Journal of controlled release : official journal of the Controlled Release Society

Avidity-controlled hydrogels for injectable co-delivery of induced pluripotent stem cell-derived endothelial cells and growth factors.

PMID 24848744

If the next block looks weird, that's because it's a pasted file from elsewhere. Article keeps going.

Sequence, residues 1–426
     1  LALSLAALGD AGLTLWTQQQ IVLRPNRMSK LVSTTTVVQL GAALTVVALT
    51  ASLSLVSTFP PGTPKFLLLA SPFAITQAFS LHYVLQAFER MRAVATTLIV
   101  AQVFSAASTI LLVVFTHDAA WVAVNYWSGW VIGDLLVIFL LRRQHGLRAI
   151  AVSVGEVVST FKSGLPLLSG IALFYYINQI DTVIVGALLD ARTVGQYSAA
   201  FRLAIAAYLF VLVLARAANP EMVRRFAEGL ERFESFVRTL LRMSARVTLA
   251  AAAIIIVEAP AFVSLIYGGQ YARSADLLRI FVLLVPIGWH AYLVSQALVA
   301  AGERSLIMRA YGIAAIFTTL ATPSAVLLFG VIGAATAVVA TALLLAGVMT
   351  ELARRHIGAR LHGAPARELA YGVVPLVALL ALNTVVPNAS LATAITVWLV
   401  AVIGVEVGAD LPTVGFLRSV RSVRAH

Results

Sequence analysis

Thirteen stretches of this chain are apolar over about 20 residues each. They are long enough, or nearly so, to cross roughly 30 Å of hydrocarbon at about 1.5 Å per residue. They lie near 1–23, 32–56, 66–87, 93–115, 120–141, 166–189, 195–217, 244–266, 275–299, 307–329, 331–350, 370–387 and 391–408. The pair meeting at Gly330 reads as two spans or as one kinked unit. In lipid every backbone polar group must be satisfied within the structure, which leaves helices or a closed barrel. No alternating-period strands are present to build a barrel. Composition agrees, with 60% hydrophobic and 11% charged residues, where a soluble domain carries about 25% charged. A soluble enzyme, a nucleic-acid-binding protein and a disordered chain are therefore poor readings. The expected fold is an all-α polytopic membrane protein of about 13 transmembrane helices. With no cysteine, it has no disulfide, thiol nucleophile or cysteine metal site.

To translate recent advances in induced pluripotent stem cell biology to clinical regenerative medicine therapies, new strategies to control the co-delivery of cells and growth factors are needed. Building on our previous work designing Mixing-Induced Two-Component Hydrogels (MITCHs) from engineered proteins, here we develop protein-polyethylene glycol (PEG) hybrid hydrogels, MITCH-PEG, which form physical gels upon mixing for cell and growth factor co-delivery. MITCH-PEG is a mixture of C7, which is a linear, engineered protein containing seven repeats of the CC43 WW peptide domain (C), and 8-arm star-shaped PEG conjugated with either one or two repeats of a proline-rich peptide to each arm (P1 or P2, respectively). Both 20kDa and 40kDa star-shaped PEG variants were investigated, and all four PEG-peptide variants were able to undergo a sol-gel phase transition when mixed with the linear C7 protein at constant physiological conditions due to noncovalent hetero-dimerization between the C and P domains. Due to the dynamic nature of the C-P physical crosslinks, all four gels were observed to be reversibly shear-thinning and self-healing. The P2 variants exhibited higher storage moduli than the P1 variants, demonstrating the ability to tune the hydrogel bulk properties through a biomimetic peptide-avidity strategy. The 20kDa PEG variants exhibited slower release of encapsulated vascular endothelial growth factor (VEGF), due to a decrease in hydrogel mesh size relative to the 40kDa variants. Human induced pluripotent stem cell-derived endothelial cells (hiPSC-ECs) adopted a well-spread morphology within three-dimensional MITCH-PEG cultures, and MITCH-PEG provided significant protection from cell damage during ejection through a fine-gauge syringe needle. In a mouse hindlimb ischemia model of peripheral arterial disease, MITCH-PEG co-delivery of hiPSC-ECs and VEGF was found to reduce inflammation and promote muscle tissue regeneration compared to a saline control.